Credit: David Zipper, 1776 Venture Fund
HQ2—Amazon’s very public search for a second headquarters in North America—has attracted applications from over 200 citiesoffering an array of taxpayer subsidies as part of their pitch. But the expense and distraction of the HQ2 competition have also created a backlash, as skeptics question whether corporate relocation should drive a city’s economic development strategy. Many, myself included, have thrown water on the HQ2 euphoria, suggesting that city resources are better spent nurturing local startups loyal to their hometown rather than on front-loaded incentives for companies like Amazon based elsewhere.
But if a city is going to shift its economic development strategy toward a “grow-your-own” orientation, where should it focus resources? There are a number of potentially powerful approaches to choose from. But there’s at least one tactic city officials should avoid. Just as corporate relocation packages like HQ2 generally aren’t a good idea given the cost of incentives, neither are large contracts to local startups for untested or inferior products. City officials are often asked to make such deals to support ambitious local entrepreneurs. They should resist the temptation.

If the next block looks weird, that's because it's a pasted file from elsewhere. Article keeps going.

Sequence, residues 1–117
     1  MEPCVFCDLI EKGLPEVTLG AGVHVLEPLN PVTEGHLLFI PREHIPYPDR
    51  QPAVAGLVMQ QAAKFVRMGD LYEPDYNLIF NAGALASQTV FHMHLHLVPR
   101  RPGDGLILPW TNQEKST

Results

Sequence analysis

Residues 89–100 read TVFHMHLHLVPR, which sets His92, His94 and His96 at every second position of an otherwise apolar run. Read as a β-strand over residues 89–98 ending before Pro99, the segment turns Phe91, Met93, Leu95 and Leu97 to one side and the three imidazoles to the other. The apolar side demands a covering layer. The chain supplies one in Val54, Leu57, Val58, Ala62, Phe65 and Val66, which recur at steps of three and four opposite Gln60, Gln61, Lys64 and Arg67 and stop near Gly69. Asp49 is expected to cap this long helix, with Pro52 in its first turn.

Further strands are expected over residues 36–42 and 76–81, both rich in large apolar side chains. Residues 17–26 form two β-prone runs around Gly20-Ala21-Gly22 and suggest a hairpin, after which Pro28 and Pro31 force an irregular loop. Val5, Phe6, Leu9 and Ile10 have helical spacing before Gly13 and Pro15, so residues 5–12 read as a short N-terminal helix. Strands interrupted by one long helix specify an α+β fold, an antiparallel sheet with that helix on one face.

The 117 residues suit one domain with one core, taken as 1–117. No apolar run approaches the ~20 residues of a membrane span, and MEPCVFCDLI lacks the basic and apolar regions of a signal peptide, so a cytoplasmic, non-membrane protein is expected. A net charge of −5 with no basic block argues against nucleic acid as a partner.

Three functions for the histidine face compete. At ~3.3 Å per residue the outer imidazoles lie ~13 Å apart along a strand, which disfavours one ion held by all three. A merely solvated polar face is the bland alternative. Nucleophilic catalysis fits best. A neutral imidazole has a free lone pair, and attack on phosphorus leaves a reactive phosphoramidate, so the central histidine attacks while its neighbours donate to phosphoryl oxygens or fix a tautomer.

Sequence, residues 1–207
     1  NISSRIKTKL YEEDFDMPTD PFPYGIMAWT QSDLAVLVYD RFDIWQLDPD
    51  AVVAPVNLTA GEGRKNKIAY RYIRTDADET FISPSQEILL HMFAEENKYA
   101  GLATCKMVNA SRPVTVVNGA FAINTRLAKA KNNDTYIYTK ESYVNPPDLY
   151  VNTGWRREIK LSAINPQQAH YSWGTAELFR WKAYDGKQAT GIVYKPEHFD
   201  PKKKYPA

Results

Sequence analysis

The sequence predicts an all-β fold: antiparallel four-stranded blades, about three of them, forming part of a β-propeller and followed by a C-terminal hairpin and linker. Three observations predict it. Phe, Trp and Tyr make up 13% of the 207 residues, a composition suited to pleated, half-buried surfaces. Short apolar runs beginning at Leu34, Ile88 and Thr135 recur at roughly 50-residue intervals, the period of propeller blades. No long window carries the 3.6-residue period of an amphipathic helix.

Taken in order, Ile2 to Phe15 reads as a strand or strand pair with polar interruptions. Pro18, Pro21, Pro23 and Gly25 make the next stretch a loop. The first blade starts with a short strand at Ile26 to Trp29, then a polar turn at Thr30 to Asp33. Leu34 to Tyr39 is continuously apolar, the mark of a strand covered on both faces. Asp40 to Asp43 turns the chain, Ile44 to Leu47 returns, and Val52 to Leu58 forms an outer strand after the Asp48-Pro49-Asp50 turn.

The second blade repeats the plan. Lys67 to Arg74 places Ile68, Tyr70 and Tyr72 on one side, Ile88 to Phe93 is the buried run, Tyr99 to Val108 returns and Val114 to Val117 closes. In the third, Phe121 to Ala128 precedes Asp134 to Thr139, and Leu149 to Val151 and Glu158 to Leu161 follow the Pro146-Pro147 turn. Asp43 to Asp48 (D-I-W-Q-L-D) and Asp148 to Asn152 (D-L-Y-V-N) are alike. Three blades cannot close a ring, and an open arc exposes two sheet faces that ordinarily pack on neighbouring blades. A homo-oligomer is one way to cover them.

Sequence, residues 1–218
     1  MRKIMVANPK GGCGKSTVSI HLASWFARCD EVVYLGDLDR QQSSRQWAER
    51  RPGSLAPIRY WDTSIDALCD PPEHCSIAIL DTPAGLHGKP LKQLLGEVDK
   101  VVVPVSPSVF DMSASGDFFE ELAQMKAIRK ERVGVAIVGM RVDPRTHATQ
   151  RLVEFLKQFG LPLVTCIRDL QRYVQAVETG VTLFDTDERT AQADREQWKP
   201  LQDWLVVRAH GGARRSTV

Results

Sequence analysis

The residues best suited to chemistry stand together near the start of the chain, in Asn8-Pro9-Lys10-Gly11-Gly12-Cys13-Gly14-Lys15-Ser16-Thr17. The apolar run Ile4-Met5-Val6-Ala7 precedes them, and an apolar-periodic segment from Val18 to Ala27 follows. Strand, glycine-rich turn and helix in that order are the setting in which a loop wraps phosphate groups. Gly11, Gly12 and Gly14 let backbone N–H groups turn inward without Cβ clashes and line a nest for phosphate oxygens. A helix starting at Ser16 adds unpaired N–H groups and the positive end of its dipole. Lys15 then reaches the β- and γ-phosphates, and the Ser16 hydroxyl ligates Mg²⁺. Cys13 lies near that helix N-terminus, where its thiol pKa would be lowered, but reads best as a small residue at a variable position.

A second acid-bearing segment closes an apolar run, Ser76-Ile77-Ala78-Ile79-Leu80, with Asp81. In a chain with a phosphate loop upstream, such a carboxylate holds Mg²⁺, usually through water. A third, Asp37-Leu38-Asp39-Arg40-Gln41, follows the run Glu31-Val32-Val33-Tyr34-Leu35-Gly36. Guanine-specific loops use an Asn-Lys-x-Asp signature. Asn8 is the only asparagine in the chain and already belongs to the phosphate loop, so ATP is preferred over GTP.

Although a fast-fashion app or a manufacturing process tool won’t probably want city contracts, a wide array of startups in sectors like education, construction, and transportation see local government as a potential customer and respected validator. There is a reason why most cities’ economic development offices get a steady stream of pitches from local entrepreneurs.